There are a number of ways of taking input in Python, most commonly through the input() function. However, for some use cases you may prefer other methods which work slightly differently. One of these other methods is the Python stdin, which is a part of the sys module.

The unique feature about Python stdin is that it allows you to take input directly from the command prompt. You’ll find these options useful on Linux systems in particular.

Using Python Stdin

The first thing to do is import sys from the standard library.

import sys

No need to download this library separately, as its part of the standard library (which comes bundled with Python).

There are several ways we can use sys.stdin in Python, so let’s take a look at them one by one.

import sys

for line in sys.stdin:

The above technique allows you to continuously input data into the Python Program from the command prompt or IDE terminal. All you have to do is press enter for every line/word you wrote to be sent back to the program, where it will be printed out.

This technique is a bit tricky, but it’s a pretty useful way of taking input. stdin can accept multiple lines, without having to type them all out first. If you press enter, Python stdin will return the currently entered data then simply move to the next line, waiting for more input, instead of exiting.

You can only break out of this infinite input loop by stdin when the CTRL + C keys are pressed. (Some of you may have to use CTRL + Z, depending on your OS).

Python stdin automatically adds a “\n” newline character after taking input from the user. Right now our input looks a bit off, because if we print it out we end up with a blank line in between. This is because print() also adds its own newline character by default.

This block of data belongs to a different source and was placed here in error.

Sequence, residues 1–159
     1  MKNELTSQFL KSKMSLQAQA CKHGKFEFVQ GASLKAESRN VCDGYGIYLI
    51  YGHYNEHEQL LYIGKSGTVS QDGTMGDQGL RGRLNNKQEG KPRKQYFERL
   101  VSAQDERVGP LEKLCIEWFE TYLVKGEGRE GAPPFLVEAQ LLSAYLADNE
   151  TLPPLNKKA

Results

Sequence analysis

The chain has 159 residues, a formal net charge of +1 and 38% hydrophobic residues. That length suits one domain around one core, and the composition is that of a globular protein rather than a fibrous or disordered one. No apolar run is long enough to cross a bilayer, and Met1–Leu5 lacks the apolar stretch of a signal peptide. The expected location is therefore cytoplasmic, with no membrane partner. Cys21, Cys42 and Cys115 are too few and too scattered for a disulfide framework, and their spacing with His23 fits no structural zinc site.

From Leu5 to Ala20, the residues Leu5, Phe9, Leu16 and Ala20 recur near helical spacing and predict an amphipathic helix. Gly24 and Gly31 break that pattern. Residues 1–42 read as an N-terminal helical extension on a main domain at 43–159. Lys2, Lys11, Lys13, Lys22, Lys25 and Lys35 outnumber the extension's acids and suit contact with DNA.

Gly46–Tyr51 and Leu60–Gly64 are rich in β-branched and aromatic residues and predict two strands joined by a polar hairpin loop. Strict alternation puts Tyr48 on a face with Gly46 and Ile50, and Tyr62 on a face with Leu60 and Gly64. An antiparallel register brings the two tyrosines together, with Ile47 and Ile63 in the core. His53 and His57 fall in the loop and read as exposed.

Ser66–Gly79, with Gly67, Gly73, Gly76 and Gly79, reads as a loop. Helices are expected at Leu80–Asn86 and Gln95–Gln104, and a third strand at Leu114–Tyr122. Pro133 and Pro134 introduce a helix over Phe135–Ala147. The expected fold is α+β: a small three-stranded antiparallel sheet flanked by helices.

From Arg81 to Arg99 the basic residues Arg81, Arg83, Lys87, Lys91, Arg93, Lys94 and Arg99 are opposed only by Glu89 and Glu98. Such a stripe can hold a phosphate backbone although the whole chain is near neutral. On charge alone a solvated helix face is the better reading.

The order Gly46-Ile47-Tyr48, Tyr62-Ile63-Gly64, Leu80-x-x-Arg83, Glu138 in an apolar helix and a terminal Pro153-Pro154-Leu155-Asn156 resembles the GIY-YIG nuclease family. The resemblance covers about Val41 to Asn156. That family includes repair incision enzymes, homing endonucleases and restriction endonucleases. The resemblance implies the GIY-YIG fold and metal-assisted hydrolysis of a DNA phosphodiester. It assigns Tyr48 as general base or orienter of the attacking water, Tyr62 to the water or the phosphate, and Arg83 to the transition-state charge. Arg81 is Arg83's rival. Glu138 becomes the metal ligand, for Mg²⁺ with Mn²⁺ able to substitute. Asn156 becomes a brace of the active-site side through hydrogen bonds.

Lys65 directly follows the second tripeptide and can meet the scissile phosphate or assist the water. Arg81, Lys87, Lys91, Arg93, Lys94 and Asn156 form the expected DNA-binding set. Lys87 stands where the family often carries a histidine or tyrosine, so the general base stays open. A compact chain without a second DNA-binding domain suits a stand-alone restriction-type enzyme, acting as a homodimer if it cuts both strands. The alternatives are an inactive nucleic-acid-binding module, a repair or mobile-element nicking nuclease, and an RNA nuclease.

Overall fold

We can change this behavior by modifying the print function as shown below.

import sys

for line in sys.stdin:
    print(line, end="")

Alternatively, you can do the following:

import sys

for line in sys.stdin:
    if 'exit' == line.rstrip():

If the word “exit” is entered, then the loop will be broken. This is useful if you want more control over how you can exit from stdin.

This is similar to the first technique, but instead it reads a whole block of data at once, instead of line by line.

import sys

inp =

Similarly to the previous technique, you can only break out of this when CTRL + C keys are pressed.

Here’s another way of taking input which is useful for counting the number of lines entered. It takes each line and stores it into a list, which it returns back to the program.

import sys

inp = sys.stdin.readlines()

Here is the input and the corresponding output for the above code. “Hello World” was the input that we split across two lines, and the last two lines show the output.

['Hello \n', 'World\n']

This marks the end of the Python Stdin Tutorial. Any suggestions or contributions for CodersLegacy are more than welcome. Questions regarding the tutorial content can be asked in the comments section below.

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